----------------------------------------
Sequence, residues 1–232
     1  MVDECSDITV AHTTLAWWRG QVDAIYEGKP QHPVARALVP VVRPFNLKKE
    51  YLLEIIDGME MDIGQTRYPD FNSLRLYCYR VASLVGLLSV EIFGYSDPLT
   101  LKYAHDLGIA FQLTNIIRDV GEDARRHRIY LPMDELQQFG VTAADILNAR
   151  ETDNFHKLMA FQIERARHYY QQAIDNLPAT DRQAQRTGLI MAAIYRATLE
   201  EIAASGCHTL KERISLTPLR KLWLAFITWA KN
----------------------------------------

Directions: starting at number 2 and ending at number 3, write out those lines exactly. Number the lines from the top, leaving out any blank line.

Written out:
     1  MVDECSDITV AHTTLAWWRG QVDAIYEGKP QHPVARALVP VVRPFNLKKE
    51  YLLEIIDGME MDIGQTRYPD FNSLRLYCYR VASLVGLLSV EIFGYSDPLT